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Macrolide maintenance treatment for bronchiectasis

PhD ceremony:Ms J. (Josje) Altenburg
When:January 09, 2017
Supervisor:prof. dr. T.S. (Tjip) van der Werf
Co-supervisor:dr. W.G. Boersma
Where:Academy building RUG
Faculty:Medical Sciences / UMCG
Macrolide maintenance treatment for bronchiectasis

Bronchiectasis, pathological widening of the small and medium sized bronchi, may result from various disorders with one common trait; a faltering airway defence system. This allows for persistent bacterial infection and an augmented airway inflammatory response. Patient’s suffering is often considerable and is characterized by a chronic, productive cough and intermittent infectious exacerbations. When non-pharmaceutical treatment options fail, bronchiectasis patients with frequent exacerbations are often treated with long term, low dose antibiotics, more specifically the macrolide antibiotic azithromycin.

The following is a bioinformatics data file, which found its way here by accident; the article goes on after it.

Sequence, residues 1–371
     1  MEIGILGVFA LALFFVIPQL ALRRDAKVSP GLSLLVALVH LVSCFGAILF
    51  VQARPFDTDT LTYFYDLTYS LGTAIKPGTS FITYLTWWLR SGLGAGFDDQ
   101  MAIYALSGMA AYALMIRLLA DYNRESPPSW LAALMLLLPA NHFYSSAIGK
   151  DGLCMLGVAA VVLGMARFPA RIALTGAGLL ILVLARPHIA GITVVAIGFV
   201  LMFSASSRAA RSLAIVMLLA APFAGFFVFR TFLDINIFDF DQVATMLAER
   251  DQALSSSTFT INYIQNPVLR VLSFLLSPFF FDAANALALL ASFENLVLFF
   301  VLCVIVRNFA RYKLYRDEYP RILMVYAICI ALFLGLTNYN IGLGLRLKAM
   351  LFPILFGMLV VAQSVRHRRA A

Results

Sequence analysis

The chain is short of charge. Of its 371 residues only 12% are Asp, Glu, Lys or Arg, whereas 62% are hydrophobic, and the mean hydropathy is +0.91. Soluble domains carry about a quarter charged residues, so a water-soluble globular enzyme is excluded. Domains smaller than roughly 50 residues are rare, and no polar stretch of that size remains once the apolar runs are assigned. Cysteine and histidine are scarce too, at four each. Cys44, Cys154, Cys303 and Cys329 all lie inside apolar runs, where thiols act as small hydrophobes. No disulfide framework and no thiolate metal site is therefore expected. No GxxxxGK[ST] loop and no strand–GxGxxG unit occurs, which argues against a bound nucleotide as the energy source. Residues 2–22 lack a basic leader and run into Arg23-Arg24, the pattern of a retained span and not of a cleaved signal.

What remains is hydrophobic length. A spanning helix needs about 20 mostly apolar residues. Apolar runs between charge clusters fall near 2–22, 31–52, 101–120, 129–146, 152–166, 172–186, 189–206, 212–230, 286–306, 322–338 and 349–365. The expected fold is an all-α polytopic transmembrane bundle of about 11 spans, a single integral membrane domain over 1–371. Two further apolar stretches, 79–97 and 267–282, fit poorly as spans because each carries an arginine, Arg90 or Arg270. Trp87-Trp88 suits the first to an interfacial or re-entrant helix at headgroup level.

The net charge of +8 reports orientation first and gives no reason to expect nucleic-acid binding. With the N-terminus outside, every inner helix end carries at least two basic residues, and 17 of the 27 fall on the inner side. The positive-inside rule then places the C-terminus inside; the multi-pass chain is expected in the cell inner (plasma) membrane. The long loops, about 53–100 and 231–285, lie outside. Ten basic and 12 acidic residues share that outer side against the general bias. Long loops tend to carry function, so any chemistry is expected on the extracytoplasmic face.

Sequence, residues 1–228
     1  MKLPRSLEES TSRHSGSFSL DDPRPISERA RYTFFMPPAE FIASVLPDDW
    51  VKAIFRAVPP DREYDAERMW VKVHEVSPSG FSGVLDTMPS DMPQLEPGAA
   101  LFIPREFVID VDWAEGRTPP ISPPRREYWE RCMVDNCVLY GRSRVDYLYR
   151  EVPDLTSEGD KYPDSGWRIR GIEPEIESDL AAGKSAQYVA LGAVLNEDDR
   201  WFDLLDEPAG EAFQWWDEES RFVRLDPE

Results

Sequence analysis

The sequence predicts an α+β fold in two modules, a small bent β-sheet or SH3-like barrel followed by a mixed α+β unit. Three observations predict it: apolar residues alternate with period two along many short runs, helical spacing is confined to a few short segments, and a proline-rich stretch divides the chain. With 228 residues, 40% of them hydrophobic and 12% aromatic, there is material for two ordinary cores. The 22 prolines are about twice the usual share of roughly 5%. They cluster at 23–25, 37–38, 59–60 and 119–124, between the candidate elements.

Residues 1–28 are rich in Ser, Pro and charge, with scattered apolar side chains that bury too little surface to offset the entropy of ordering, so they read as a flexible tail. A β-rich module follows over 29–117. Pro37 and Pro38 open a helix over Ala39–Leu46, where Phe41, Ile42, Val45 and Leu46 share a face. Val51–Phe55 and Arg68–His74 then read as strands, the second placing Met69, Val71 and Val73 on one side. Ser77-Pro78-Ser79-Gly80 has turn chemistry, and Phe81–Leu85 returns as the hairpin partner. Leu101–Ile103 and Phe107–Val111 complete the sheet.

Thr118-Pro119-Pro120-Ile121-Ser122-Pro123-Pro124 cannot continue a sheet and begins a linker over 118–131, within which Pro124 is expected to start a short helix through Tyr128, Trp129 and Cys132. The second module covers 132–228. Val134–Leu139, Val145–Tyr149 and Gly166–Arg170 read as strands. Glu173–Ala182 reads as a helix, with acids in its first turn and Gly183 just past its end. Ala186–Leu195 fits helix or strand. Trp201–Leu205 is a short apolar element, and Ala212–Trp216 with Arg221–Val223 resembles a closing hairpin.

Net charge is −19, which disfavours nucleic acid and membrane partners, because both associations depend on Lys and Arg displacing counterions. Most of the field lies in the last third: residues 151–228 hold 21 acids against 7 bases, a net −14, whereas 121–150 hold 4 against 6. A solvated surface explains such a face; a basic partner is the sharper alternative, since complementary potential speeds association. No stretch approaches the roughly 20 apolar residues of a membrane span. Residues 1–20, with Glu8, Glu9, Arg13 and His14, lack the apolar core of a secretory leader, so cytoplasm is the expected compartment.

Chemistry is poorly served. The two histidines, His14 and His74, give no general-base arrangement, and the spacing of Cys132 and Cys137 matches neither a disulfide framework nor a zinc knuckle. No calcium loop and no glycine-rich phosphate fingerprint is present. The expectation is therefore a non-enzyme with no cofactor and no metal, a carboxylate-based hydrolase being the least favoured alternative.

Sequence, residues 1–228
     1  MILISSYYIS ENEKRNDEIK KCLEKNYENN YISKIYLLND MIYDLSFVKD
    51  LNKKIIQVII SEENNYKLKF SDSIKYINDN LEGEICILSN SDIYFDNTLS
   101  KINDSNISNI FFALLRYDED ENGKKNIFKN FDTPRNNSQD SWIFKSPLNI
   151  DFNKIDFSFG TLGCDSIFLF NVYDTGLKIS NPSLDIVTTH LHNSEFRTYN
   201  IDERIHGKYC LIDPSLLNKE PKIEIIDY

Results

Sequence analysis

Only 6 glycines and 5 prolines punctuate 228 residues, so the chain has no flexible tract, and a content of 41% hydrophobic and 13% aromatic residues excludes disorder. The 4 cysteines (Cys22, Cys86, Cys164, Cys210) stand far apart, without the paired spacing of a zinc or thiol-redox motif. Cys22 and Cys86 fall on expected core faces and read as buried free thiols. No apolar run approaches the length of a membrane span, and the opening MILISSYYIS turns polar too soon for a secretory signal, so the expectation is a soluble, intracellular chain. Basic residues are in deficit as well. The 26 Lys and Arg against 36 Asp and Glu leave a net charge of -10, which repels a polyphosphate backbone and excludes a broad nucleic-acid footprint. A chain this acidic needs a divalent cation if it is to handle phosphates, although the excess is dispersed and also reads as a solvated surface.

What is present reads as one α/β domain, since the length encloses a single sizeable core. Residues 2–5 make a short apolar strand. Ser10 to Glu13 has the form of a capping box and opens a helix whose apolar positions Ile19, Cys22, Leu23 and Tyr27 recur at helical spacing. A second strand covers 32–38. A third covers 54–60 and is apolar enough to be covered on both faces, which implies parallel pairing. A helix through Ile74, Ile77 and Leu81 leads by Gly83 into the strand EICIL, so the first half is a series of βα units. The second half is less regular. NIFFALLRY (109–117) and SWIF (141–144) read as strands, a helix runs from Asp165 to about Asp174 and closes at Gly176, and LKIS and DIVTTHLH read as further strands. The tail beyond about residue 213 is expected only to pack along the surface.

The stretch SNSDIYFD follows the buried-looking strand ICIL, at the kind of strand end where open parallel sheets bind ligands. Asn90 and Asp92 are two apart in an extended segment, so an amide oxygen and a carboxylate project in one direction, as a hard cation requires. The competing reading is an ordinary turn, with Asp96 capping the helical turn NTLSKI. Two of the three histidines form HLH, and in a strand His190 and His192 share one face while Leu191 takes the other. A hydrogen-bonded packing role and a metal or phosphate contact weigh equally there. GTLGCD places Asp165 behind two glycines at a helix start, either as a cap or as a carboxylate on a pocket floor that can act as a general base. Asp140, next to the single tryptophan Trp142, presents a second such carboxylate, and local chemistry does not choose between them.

This medical practice is not yet based on solid evidence to confirm the efficacy of macrolide maintenance treatment and surprisingly little is known about the potential downsides of this treatment modality. In this thesis, we provide an overview of the current knowledge on bronchiectasis, its diagnostic challenges and the available treatment options. A structured clinical workup is advocated, for which a diagnostic flow chart is offered. We investigated efficacy and safety of macrolide maintenance treatment in a randomised controlled trial, describe radiological responses to treatment and some of azithromycin’s pharmacokinetic properties. We conclude by expressing our concerns on indiscriminate use of azithromycin maintenance treatment, because of its important downsides; the induction of microbial resistance, besides other detrimental effects. Ideally, azithromycin maintenance treatment should be reserved for a ‘macrolide-responsive’ phenotype of bronchiectasis patients. In this thesis we give directions for further research in this field by proposing patient characteristics which might be predictive for a beneficial response to this treatment modality.